Bill Bradley retired in March after his 42nd year as a coach culminated in Ashland's girls basketball team reaching the 16th Region Tournament final.

The Kittens handed Bradley his 400th win as a coach late in his final season. He led Ashland to a region tournament four-peat from 2012-15, including a trip to the 2014 state tournament semifinals. Bradley also served as skipper of Holy Family's boys basketball and Boyd County's softball programs during a coaching career that dated to 1977.

Greg Logan stepped down as Greenup County's baseball coach in September, concluding a 16-year stint that included six 16th Region Tournament titles, 11 63rd District Tournament crowns and the championship of the inaugural Kentucky 2A Section 5 Tournament last spring. Logan skippered the Musketeers to the 2015 state semifinals.

Logan turned the program over to Steve Logan, his younger brother by 12 years.

Each coach garnered a meaningful honor early in their post-coaching lives. Logan was revealed as a member of the Kentucky High School Baseball Coaches Association Hall of Fame's next class in December. Bradley shared the Distinguished Tomcat Award announced at the Ashland Invitational Tournament last week.

5. Grass greener for Greenup

Greenup County hadn't won a football game on the field in some 22 months when the Musketeers huddled up before a critical fourth down in their season opener on Aug. 19.

Rather than give the ball back to surging Fleming County with just a one-point lead in the final moments, Greenup County coach Zack Moore decided the Musketeers would run a fake punt from their own 36-yard line with less than three minutes to play.

It worked. Carson Wireman hit Jayce Griffith for nine yards on fourth-and-6. The Musketeers finished off a 34-33 victory over the Panthers and were off and running.

Coming off a 1-9 2021 season — and the "1" was from a COVID-19 forfeit — Greenup County went 8-5. The Musketeers claimed their most wins in 24 years and advanced to the third round of the postseason for the first time in 15 seasons.

It was made known in the preseason that it would be Moore's final season leading Greenup County, due to his acceptance of an assistant principal job and the district's policy forbidding administrators from coaching. Due to the lateness of the decision, Moore was permitted to coach the 2022 season, and it resulted in his being named the Class 3A state Coach of the Year by the Kentucky Football Coaches Association.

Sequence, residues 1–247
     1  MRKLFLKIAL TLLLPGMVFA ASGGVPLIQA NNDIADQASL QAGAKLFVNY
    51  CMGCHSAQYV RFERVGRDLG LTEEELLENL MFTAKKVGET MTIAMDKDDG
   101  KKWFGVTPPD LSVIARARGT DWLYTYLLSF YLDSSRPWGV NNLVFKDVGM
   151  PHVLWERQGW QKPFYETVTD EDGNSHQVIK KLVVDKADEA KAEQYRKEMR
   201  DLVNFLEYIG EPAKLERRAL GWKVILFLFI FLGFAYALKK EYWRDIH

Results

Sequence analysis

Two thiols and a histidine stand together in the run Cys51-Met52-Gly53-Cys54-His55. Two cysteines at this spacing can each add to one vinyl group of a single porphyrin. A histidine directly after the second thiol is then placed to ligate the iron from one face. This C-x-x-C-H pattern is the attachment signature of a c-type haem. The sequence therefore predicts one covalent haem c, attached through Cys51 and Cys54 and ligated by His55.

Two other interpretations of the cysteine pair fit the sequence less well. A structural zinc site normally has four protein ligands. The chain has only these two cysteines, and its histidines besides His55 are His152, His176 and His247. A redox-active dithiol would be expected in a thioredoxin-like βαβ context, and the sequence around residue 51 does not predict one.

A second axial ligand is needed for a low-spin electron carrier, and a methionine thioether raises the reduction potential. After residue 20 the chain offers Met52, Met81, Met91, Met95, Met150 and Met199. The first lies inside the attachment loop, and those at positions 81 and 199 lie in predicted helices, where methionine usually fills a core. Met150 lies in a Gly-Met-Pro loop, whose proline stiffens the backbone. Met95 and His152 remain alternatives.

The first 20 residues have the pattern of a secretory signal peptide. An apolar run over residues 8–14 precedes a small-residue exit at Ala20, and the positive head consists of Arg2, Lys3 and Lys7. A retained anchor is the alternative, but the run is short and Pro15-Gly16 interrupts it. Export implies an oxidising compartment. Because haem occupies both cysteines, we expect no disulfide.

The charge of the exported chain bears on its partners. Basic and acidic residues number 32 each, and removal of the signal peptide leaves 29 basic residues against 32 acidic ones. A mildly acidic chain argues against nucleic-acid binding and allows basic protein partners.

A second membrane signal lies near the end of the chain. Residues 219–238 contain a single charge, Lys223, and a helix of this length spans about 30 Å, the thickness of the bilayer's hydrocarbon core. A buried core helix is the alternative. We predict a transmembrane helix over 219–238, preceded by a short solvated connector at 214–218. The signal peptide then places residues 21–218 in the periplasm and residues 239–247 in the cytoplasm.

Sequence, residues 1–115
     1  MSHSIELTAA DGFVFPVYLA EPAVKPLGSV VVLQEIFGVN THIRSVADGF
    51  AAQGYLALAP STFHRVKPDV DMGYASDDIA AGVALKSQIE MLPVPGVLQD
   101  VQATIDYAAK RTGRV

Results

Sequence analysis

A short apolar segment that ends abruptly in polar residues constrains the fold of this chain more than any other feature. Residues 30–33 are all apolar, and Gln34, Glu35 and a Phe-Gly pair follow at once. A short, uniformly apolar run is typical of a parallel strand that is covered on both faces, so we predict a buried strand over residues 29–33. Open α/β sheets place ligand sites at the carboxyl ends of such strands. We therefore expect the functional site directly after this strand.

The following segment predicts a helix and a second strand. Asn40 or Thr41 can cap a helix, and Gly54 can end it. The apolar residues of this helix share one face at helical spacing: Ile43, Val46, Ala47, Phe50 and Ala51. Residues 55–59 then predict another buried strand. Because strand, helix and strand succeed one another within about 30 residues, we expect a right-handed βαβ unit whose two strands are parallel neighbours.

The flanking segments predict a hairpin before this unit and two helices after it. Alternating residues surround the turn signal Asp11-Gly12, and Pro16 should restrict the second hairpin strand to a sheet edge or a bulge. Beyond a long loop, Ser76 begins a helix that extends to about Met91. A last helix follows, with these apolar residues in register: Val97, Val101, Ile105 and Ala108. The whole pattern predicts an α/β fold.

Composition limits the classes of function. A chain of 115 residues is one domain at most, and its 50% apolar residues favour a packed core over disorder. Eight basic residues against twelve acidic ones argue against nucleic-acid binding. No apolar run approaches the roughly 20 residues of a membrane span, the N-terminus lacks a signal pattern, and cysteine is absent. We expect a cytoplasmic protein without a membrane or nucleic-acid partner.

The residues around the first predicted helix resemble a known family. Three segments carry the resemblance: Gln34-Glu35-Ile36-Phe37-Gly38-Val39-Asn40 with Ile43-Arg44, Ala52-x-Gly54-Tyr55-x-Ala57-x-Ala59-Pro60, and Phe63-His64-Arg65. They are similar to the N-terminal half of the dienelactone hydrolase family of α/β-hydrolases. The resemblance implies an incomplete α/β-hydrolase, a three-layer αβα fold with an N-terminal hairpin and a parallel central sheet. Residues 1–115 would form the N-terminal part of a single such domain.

Ashland and Boyd County joined the Musketeers as high-achieving area teams. The Tomcats rebounded from a 2-4 start to win their next seven games and reach the Class 3A state semifinals. The Lions came back from a 3-7 campaign in 2021 to go 8-4, claiming both their first district championship and their first home playoff win since 2008.

4. End of an era

A significant chunk of the Ashland boys basketball teams that went 33-0 in 2019-20 and reached the state semifinals in 2021 returned last winter for one last go at the 16th Region's first Sweet Sixteen title in six decades.

The 2021-22 Tomcats didn't reach that lofty aim, finally running out of dramatic comebacks against a skilled and considerably bigger Covington Catholic team in the first round of the state tournament.

But Ashland did continue its domination of the 16th Region and produced a sensational mid-season run to keep itself in the conversation of the state's top teams.

Russell ended Ashland's 43-game winning streak against region opponents in the third-to-last outing of the regular season. The Tomcats then reeled off eight straight Ws, the penultimate of which was their customary escape at Ellis T. Johnson Arena, a 59-55 region tournament semifinal decision over resurgent Bath County.

Ashland followed that with an 84-55 victory against Boyd County in the championship game to secure the first region four-peat since the Tomcats won five consecutive crowns from 1976-80.

After the setback to the Colonels, Ashland graduated four starters — Colin Porter, Cole Villers, Ethan Sellars and Ryan Atkins.

Villers and Sellars were pivotal pieces in each of the four state tournament runs, and Porter keyed three of them. Villers and Porter, who graduated a year early, went on to Division I basketball careers.